Writings and observations

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Those who reflexively find private ownership and control freeing and liberating, and government control and ownership the reverse, will find a conundrum here.

About 305 hunters, some Idahoans and some from out of state, were eagerly anticipating the opening of hunting season to start tracking down elk in certain southern parts of Idaho backcountry, pieces of which are publicly-owned, but much of which was long owned by Potlatch Corporation and Boise Cascade. Those companies generally did not object, though they could have, to the hunters being there or pursuing game.

Recently, however, Potlatch sold many of their large tracts, reported to consist of about 172,000 acres, to DF Development, a Texas property development firm led by members of the Wilks family. The Wilkses have been, as Rocky Barker reported in the Idaho Statesman, “buying up land all over the West, and closing off much of the access to those lands. . . . The Wilkses are closing off the timberlands to hunting and other recreation. They already canceled leases with Valley County to maintain roads that provided access to snowmobile trails on public land.”

The hunters, who were left with little area to hunt, were stunned. But there wasn’t much they could do. Local communities around Adams and Valley counties and their leaders were likewise left with few options. They faced the loss of a big part of the outdoors attractions they depend on to bring people to the area; many places where people have enjoyed the backcountry now were off limits. And with the loss of access comes significant loss of revenue to local businesses.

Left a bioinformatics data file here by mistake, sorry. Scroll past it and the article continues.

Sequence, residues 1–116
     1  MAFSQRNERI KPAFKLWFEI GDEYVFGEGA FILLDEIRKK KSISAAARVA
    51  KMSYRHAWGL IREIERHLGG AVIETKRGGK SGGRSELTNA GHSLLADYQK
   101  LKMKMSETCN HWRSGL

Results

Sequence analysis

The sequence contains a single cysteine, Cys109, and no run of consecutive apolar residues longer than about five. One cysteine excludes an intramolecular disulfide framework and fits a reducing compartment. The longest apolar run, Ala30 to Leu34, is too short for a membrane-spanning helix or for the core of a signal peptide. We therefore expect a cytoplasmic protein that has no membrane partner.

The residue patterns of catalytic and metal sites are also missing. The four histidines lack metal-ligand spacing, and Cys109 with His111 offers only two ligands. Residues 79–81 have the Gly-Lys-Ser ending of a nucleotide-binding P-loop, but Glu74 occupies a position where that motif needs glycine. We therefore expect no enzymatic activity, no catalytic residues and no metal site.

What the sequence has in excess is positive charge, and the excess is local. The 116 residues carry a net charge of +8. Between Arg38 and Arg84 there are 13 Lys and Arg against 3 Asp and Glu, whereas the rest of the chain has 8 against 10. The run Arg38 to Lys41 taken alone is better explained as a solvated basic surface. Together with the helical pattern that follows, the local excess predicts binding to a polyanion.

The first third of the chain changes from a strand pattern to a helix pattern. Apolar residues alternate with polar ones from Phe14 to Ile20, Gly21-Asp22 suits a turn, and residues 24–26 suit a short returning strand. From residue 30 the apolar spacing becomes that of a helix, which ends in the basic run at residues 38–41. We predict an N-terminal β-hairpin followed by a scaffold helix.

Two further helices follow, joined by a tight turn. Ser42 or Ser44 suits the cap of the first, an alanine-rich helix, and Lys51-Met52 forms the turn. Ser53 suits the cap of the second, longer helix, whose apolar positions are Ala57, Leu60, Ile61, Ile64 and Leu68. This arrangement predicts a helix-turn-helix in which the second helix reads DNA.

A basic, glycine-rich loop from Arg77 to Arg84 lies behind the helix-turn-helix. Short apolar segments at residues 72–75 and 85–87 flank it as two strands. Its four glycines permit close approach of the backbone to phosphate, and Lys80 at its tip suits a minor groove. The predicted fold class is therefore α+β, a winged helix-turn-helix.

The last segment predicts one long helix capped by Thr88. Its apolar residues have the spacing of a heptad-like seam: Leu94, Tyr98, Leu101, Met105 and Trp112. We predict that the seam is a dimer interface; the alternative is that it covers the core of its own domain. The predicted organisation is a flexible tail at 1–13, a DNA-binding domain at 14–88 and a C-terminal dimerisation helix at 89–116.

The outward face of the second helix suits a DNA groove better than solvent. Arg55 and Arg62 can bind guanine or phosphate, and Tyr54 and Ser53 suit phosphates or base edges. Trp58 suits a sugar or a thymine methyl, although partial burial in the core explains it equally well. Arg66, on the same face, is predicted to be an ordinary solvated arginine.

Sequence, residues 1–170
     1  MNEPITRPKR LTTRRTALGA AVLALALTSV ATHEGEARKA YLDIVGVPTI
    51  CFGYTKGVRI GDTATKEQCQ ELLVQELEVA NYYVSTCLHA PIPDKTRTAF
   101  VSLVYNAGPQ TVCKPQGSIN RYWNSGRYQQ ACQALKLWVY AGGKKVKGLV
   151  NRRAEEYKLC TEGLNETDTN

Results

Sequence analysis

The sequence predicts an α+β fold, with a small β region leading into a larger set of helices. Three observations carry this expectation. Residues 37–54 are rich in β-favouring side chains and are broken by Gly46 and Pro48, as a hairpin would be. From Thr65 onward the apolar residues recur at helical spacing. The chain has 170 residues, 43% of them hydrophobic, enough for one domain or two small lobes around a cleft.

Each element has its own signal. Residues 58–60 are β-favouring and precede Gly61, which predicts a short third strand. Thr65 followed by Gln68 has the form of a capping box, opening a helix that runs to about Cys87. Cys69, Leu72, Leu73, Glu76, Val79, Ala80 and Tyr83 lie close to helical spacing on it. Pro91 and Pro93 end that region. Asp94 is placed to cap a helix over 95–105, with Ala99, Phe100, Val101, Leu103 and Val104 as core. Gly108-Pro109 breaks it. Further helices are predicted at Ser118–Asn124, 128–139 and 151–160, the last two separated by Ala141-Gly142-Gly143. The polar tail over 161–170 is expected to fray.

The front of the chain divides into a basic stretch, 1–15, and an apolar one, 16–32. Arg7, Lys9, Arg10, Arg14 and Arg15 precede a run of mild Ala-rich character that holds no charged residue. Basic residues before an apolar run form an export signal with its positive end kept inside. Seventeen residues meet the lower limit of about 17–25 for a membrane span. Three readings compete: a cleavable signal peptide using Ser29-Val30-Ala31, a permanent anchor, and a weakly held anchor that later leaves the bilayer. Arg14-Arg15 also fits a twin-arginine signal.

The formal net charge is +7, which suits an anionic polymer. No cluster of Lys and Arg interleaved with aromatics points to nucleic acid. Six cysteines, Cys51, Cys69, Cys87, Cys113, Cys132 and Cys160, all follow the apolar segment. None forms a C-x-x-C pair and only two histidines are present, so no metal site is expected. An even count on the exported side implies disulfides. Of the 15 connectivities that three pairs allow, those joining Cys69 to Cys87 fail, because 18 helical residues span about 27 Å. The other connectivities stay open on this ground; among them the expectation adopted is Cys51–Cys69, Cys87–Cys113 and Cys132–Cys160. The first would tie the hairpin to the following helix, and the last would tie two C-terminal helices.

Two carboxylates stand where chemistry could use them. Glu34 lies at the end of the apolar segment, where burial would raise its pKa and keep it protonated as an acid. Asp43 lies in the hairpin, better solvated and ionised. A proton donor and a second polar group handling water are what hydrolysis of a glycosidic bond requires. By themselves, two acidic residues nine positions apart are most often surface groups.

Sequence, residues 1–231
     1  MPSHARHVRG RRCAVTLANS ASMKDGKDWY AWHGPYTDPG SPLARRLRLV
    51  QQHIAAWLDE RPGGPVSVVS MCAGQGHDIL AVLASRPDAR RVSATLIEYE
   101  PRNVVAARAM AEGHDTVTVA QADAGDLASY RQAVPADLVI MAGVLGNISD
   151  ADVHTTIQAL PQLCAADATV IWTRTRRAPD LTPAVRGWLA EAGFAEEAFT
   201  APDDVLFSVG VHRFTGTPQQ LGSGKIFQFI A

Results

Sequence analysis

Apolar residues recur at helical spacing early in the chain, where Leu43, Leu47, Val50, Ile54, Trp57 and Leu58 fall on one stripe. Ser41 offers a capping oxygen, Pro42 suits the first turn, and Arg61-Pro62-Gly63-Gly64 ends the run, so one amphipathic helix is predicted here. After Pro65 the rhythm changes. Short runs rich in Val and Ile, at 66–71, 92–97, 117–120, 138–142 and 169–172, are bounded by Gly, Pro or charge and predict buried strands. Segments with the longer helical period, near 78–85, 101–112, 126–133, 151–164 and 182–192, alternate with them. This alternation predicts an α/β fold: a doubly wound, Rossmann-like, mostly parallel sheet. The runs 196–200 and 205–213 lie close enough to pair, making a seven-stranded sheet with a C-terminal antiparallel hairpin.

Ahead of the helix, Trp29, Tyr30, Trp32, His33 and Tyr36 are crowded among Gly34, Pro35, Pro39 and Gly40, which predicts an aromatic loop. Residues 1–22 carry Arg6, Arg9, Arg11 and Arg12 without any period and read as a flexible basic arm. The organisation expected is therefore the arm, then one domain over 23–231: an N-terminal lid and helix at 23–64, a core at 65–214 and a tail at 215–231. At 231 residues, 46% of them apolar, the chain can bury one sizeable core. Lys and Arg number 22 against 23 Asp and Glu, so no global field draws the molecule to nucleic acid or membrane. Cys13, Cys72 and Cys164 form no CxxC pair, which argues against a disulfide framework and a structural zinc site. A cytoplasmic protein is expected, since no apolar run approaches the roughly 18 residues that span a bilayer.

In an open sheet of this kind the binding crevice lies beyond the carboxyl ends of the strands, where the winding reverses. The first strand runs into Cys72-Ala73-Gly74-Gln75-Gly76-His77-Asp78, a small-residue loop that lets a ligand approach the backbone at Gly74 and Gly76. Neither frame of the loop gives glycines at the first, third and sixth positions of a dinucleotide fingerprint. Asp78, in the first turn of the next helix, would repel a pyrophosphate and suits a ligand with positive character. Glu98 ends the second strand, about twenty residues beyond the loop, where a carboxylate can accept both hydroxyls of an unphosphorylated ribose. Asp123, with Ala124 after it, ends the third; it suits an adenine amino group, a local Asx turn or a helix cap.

That Valley-Adams buy was the second really large Idaho lands purchase by the Wilkses. In 2015 they were reported to have purchased 38,000 acres in Idaho County, and there too promptly cut off recreation access.

These are only a part of the family’s massive land buys around the West.

Attempts on the part of Idahoans, including private citizens and the Department of Fish and Game (which has tried to mediate), have had little success. Maybe the Wilkses may have figured Idahoans wouldn’t object, on political grounds.

They have been major multi-million dollar donors to the presidential campaign of Texas Senator Ted Cruz, who was the top choice in Idaho’s presidential primary this year. Cruz has suggested that Texas, which (surprisingly given the size of the state) has almost no federal public lands, should be a public lands model for the nation. In 2014, Cruz proposed an amendment to a sportsman’s law capping the amount of federal lands in any one state, and forcing federal agencies to either give to the states or sell to the top bidder any overages. Late last year, he told the Review-Journal in Las Vegas, “I believe we should transfer as much federal land as possible back to the states and ideally back to the people.”

The point, as he explained it, was to maximize freedom.